How a horse trip through the Andes broke my social media addiction
When you look death straight in the face, forget about posting it on Instagram.
On the right, the hissing sound of the river hundreds of meters below us reaches my ears. The narrowing small trail in front of me pulls all of my attention towards its ascending rocky pulse. At my left, I smell fresh green moss growing in the moist shades of the red stone wall rising above us like a massive cathedral. Trees and branches hide the immediate steep descent towards the valley and the river. I focus at the soft towing sounds coming from the hoofs of my horse Nasir, just centimetres from the abyss. This soothing rhythm will become my compass of faith and surrender for the coming 5 days as we ascent the North Argentinian Andes. Leaving our loved ones, our homes and constant Wifi connection behind. We are about to meet the Indian spirit high up in the mountains. I am looking forward to this digital detox, but can't grasp at that moment that this trip is going to change my life forever.
Nasir stands proud waving his head and sweeping his tail while the saddle swings on his back. At the background, hardly visible, the bare stripped 4500 meters high red, brown, yellow, purple Andes peaks in the province of Jujuy, Northern Argentina. Our target for the next five days. Six men on six horses, five mules, three guides and four helpers. Already on day two, the trail narrows to about the length of a walking stick, just about enough for my noble horse to place his hoofs. Often, I literally hang over the edge since the body of the horse covers on its turn his legs. The only reassurance is the big beating heart of the animal I just handed over my life to. The warm sweating strong body between my squeezing legs gives strength and hope. We are making this trip together, we will fail or succeed together, we are bonding every step of the journey.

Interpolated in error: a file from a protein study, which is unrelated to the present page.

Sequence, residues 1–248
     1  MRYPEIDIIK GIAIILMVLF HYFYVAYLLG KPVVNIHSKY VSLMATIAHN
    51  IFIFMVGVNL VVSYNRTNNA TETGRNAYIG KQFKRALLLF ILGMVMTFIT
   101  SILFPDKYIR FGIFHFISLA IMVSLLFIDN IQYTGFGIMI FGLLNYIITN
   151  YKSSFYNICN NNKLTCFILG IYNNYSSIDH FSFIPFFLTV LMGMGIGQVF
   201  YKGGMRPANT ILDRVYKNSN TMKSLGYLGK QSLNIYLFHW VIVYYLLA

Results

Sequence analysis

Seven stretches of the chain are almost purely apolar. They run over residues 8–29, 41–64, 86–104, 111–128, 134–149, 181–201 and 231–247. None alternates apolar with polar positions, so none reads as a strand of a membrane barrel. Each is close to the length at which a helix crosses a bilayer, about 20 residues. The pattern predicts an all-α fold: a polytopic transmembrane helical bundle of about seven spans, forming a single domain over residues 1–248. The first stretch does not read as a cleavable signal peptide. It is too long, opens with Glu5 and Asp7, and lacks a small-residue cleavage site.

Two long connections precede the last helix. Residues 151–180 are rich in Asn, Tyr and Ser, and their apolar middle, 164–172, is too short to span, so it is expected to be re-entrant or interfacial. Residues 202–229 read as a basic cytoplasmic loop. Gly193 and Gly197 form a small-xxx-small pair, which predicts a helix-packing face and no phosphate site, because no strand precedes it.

The first night we sleep in a small Indian house of friends of our guide. This small stone barrack has been build in the most remote area of the world. I wonder how people can live here. The daughter has to walk 2,5 hours to her school, and back. It's a magical place and the potent mountain sun suddenly is captured by a silent dense mist creeping in from the valley. A Lord of the Rings scenery evolves around us. It feels like Saruman sending a cold spell to darken the Andes Sun God.
The eyes of our Indian hosts shine like raw diamonds, they must have survived a lot. A serene purity spreads over the evening as the condors settle for their nests and the creepy mist dissolves. We, the white Cowboys, sit apart drinking and eating while our guides gather around a small fire cracking jokes. Probably about us, the Andes initiates. The horses produce satisfied noises in the distance, enjoying their change of scenery and a well-deserved rest.
The next evening we speak with our next Indian host. He doesn’t have a phone. Never had. But he has goats, dogs, and a dwelling in another forgotten corner of Gods paradise. The heavenly views from his top of the world are almost too beautiful to bare. A sea of white fluffy clouds filling a gigantic cup in between mountain ranges that rise proudly at our left and right. The rocks in the middle at the horizon look like ships setting sail for a prolonged eternity in the fading sunset. Later that evening after another massive steak, we sit for hours talking close to the modest fire, removing slowly the cultural barrier with jokes and more wine.
On day 3 we stay above the clouds. And the higher we get, the more I experience emptiness, surrender and the utter joy of being alive. I start to talk to Nasir on day 4. From the inside, giving the term Horsewhisperer my own interpretation. I need to because sometimes Nasir gets over-enthusiastic. At some point in time, after suddenly jumping over a small river, he gallops in 2,3 seconds along another Kamikaze mountain path, my inevitable death staring at me from the left side. This momentum rises soo fast, that I don't have time to even blink my eye over it. But this moment teaches me to fully take leadership over Nasir from that moment on.
I feel he likes and even more important needs that. Else his horsepower can run wild at another random moment with a rattlesnake hissing from behind a stone, or a sudden whirl storm blowing grass in this eyes. It is not that far fetched that he can slip or lose sense and control. On the other hand, I continue to love this muscle power beneath me. But now I am in control of that power. Sudden galloping won't happen again on this trip. Wonderfull, this connection. It's real, humbling and bringing things back to the core. A man, a horse, a path, another day, another meal, the sun, mountains, sleep, dogs barking, a sip of wine, sunrise in the Andes.